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Side view. This building served as the Hachiman YMCA until 1987. It was left unused and dilapidated for 20 years until Omi Brotherhood Co. renovated it in 2007 to mark the building's 100th anniversary.
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The building is now used to care for the elderly and handicapped and for missionary activities. There is also a meeting room for rent. It is next to a church.
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Next to the Andrews Memorial Hall is the Hachiman Church built in 1983. The original church, which was lost in a fire, was designed by William Merrell Vories in 1924. 八幡教会
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Hachiman Church Pastor House, designed by William Merrell Vories. It is right across the church. 八幡教会牧師館(旧地塩寮) MAP
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Hachiman Church Pastor House
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Hachiman Church Pastor House is not open to the public.
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Hachiman Commercial High School designed by William Merrell Vories in 1935. 八幡商業高等学校 MAP
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Hachiman Commercial High School was where Vories taught English when he arrived in 1905. However, he was dismissed after two years due to his Bible study group seen as a disturbance. By hiring Vories as the architect, the school made peace with Vories.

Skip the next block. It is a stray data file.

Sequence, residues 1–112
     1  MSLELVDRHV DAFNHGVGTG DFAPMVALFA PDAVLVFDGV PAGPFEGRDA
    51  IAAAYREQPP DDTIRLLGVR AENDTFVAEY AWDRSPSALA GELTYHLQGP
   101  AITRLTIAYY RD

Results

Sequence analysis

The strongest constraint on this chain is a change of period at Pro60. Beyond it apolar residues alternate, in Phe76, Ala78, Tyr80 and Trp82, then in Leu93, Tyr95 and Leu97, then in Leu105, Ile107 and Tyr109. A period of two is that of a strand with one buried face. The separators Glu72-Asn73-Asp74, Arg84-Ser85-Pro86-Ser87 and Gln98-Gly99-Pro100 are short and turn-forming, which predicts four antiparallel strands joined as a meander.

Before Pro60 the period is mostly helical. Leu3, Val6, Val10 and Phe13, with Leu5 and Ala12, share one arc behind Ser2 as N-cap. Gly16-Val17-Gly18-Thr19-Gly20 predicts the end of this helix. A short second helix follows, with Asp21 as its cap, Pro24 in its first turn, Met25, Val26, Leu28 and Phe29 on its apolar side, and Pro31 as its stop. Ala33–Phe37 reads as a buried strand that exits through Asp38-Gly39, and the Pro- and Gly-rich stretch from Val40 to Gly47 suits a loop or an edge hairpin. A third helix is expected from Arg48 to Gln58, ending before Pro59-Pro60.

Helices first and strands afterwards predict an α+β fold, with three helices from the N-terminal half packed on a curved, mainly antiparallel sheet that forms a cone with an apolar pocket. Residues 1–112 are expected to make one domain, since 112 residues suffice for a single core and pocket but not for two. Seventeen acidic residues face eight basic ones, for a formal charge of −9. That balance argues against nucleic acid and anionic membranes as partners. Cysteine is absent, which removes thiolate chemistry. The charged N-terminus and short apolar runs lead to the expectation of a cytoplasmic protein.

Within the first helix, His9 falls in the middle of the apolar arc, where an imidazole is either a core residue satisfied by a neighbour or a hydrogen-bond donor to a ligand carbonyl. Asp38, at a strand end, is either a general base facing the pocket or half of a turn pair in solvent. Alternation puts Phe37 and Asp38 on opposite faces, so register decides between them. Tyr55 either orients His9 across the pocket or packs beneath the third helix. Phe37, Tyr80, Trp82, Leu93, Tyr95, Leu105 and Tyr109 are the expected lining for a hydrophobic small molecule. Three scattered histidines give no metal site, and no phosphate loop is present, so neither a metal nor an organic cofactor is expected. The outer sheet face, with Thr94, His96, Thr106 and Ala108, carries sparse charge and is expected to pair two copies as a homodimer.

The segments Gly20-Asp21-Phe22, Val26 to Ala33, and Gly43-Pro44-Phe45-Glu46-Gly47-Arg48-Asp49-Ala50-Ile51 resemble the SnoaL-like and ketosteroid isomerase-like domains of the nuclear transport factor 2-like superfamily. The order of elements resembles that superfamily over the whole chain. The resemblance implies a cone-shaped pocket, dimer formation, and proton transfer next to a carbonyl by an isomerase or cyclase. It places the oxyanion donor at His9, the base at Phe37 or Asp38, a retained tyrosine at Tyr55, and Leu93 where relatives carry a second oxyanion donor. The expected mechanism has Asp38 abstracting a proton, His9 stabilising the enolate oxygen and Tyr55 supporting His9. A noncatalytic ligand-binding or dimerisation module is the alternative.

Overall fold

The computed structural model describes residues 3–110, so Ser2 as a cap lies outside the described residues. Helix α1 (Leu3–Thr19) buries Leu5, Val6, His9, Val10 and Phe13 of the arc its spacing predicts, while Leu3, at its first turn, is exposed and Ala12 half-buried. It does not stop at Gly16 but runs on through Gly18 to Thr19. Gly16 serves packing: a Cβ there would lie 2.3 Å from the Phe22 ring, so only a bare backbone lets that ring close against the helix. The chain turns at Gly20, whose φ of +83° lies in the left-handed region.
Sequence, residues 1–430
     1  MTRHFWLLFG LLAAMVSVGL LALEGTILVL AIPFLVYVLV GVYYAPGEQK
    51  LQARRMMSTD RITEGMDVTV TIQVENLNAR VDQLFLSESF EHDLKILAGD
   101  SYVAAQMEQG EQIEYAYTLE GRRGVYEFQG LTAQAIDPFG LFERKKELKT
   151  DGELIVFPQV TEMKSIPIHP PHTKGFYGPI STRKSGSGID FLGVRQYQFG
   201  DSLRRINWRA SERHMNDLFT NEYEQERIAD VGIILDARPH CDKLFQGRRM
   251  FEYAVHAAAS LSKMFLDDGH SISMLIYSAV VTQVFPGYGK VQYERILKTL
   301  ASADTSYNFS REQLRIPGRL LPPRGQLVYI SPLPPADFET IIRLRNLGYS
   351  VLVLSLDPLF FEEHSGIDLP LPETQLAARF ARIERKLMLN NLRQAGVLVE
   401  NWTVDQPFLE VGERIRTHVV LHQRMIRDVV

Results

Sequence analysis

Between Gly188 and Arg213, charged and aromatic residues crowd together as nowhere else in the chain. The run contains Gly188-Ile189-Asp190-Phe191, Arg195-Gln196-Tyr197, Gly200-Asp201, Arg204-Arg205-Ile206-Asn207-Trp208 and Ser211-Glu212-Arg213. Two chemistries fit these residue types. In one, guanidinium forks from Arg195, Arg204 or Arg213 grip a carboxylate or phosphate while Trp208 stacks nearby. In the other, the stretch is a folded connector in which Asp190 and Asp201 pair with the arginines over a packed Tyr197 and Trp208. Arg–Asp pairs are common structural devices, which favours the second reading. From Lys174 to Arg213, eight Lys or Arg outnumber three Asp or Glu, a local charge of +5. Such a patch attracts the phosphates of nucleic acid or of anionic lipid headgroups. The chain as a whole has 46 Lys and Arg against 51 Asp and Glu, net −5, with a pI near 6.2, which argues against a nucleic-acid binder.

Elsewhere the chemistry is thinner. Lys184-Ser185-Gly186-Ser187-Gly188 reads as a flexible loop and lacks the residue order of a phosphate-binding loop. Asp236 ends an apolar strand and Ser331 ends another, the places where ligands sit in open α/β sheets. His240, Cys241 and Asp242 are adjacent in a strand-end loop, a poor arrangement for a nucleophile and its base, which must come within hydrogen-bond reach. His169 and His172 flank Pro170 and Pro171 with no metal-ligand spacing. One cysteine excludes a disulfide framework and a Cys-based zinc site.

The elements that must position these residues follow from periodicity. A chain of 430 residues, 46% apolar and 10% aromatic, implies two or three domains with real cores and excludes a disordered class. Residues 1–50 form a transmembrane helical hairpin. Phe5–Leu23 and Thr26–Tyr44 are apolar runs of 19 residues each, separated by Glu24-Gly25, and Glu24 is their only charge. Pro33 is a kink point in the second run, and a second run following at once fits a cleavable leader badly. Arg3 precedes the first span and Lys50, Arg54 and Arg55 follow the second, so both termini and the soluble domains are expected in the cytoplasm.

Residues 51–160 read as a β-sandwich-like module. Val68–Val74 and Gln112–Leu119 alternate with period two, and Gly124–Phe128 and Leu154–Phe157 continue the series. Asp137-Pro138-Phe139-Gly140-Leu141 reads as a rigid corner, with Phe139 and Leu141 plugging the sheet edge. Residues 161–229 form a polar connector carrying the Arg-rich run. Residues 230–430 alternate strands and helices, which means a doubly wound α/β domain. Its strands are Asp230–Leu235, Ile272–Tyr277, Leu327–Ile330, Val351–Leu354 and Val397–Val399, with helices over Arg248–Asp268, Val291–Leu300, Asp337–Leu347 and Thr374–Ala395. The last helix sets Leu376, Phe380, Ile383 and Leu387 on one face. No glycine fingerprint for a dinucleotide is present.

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Vories still felt greatly indebted to the school, nicknamed "Hassho."
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Next was this neighborhood called Ikeda-cho with three Vories-designed homes along this street. MAP
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Built in 1913, this Yoshida Residence was designed by William Merrell Vories for Yoshida Etsuzo who was a former student and partner of Vories for the Omi Mission. This house is still occupied and not open to the public. 吉田邸
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The neighboring house, the Waterhouse Memorial House, was built in 1913 for Waterhouse, who was an instructor at Waseda University and joined the Omi Mission. Designed by William Merrell Vories. ウォーターハウス記念館(旧ウォーターハウ
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Owned by Omi Brotherhood Co., the Waterhouse house has been used as a girls' school and guest house. Currently not open to the public. But it looks like it has been recently renovated and ready to be used for something.
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About Ikeda-cho in English and Japanese.